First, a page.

There were some scenic views along the way including a couple river views but it still was a long haul to Bismark. The wind was a modest help but there was more up and downs than I expected. Then I almost missed the River Road turnoff into town that had quite a bit of traffic. In the town of 55,000, I had to ask directions to where the motels were as darkness was closing in. When I got to my State Street turn, I spied a motel off to the side and thought it might be a bargain since it looked like a very basic motel and was off the beaten path. However, the proprietor spent a few moments in thought when I asked for the room rate, almost as if he was trying to decide how much he could charge whereas most motels have a set rate and the rate is quoted without thought. When the guy quoted $38 I was pretty sure the motel was not a bargain.
So I rode north on State Street and soon found a Select Inn that advertised a $39 room. I got a room for that rate plus an AARP discount that was a better rate and better room and better location than the basic motel. Plus I hit the mother lode in my motel search, finding an all-you-can eat buffet just across the street. After cleaning up I ate all I could eat for $9.20 and it was worth it to pig out for once.
It was nice to sleep in a little late and I didn’t get up until 8:00. Since I ate so much last night I didn’t feel a need for a regular breakfast so I took advantage of the motel’s continental breakfast and was surprised. I expected something simple like coffee and toast but they had cereal, bananas, and a variety of bread/rolls/donuts. It was easy to make a real breakfast out of this although the cereal selection wasn’t the greatest.
Sometime after breakfast I rode towards the city center and stopped at the post office to mail some maps/brochures home. The library was only a couple blocks away and I stopped there too. Bismark had a nice library, open every day of the week. They had Internet PCs and email only PCs. They charged 50 cents per half hour for email and I was happy to pay that. I checked my email, paid some bills online, and read some news columns, most notably Molly Ivins who was beating up Bush in her serious but humorous style and I cheered her on. If Bush had a quarter of her common sense and “compassion”, he could be a respectable human being and maybe delete “compassionate conservative” from the oxymoron list.
I spent an hour on the Internet and paid a staggering $1, which threatened to blow my weekly budget on a Monday. Leaving the library, I rode back towards my motel and a little further north to a Menards. Early in my trip my combination lock failed to open a couple times. I assumed I was misdialing but when it started happening more frequently and then was sometimes difficult to close, I knew the lock was suffering from old age. I hated to put the lock out to pasture since it has been on every one of my tours but I could just see being in a remote area and being unable to unlock my bike with no one around to help. So I bought a replacement but kept the old one and put off deciding what to do with my old partner.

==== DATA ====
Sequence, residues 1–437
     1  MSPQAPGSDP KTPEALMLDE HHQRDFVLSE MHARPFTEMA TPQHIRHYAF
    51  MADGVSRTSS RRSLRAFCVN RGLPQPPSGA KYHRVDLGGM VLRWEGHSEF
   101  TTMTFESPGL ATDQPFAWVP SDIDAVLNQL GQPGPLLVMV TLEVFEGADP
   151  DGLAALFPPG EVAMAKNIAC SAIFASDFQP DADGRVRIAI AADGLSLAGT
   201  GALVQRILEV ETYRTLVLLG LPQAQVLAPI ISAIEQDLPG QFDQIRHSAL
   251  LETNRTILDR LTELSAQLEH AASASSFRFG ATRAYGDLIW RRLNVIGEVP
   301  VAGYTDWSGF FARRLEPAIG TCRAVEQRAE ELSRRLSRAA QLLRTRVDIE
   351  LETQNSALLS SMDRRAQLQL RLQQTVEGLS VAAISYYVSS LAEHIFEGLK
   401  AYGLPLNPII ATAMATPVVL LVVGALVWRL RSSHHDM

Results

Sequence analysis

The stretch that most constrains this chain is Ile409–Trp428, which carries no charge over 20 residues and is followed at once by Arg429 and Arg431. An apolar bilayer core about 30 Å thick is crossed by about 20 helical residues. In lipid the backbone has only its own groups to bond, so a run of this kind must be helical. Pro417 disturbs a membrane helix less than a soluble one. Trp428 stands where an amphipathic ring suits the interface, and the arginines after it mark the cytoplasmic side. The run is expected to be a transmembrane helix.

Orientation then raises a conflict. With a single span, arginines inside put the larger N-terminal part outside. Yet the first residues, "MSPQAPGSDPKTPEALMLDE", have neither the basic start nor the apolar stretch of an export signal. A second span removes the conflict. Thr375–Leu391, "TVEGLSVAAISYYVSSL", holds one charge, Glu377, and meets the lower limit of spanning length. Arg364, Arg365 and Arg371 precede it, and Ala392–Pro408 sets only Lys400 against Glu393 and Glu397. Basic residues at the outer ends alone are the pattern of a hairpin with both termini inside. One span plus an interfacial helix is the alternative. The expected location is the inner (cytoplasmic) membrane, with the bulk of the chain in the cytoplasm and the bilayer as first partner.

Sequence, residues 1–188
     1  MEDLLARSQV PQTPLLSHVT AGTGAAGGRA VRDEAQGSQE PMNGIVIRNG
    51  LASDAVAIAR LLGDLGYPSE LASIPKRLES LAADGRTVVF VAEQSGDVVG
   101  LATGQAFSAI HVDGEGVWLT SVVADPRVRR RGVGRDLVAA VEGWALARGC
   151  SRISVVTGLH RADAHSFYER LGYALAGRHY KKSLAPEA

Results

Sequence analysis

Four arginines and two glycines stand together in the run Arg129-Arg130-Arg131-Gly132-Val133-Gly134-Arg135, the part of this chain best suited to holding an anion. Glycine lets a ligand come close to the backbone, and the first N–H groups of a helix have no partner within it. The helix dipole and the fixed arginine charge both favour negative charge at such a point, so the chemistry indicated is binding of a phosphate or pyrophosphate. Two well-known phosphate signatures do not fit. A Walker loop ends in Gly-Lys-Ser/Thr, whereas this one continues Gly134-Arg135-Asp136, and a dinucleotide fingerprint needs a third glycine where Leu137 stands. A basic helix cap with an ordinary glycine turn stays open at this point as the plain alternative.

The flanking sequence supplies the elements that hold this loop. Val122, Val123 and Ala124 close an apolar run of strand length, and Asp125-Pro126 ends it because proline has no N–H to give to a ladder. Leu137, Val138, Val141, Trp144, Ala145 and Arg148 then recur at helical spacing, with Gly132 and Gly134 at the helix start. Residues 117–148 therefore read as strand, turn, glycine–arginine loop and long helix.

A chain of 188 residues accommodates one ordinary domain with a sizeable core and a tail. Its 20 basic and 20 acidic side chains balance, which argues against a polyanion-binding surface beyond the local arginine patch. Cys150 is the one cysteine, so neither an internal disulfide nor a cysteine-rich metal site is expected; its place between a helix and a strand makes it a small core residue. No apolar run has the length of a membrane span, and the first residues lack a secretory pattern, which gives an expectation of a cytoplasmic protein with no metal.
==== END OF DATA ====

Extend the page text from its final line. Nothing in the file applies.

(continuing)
There was a grocery store next door so I did some shopping and rode back to my motel where I did my laundry using the guest laundry facilities. I also took care of some bicycle maintenance, cleaning and lubricating my chain.
At dinnertime I walked back towards the buffet place but stopped next door, a Subway, and had a foot long sandwich. That was all the food I needed on a layover day.
I was in no hurry on a chilly morning of 27 degrees but I still got up at 7:00, not sleeping very well. Now that I knew the drill, I made a large breakfast out of the continental breakfast except I used my own cereal. Then I debated some whether I should stay another day, mostly because of my sore throat and tomorrow morning’s projected mid-20s temperature. In the end I decided you can only watch so much of The Weather Channel and I rode off at 9:30, later than I wanted but it was only up to 32 degrees. My goal was to make Pollock, some 90 miles away. It was farther than I wanted to go but it was the next town heading south, just across the South Dakota border, and I was counting on the help of the NW wind.
Surprisingly, it was reasonably comfortable at the outset in my light tights, windbreaker, skull cap, and full-fingered gloves but I still rode in my sandals without socks. Rush hour was over so it was relatively easy to get out of town, as I passed the state capitol on the way. My route was a bit convoluted on the outskirts of town and I took a wrong turn that led me to the river. It was a scenic detour and my best view of the river but it cost me 4 miles on top of what was going to be a long day without any detours.
It was a slow morning, probably because the wind was pretty mild, and projecting as a very long day. However, the wind picked up in the afternoon and the pace picked up accordingly. The route had quite a bit of undulation as it moved through scenic rolling brown hills, then some huge fields of corn, hay, and sunflowers, and then more scenic rolling brown fields. A couple times the road dove down and back out of creek drainages. And a couple trucks pulled onto the road overloaded with round bales. These trucks were stacked with 3 bales across, making them about a lane and a half wide. The drivers had to be careful with these huge loads as it looked like a truck could tilt over without too much provocation.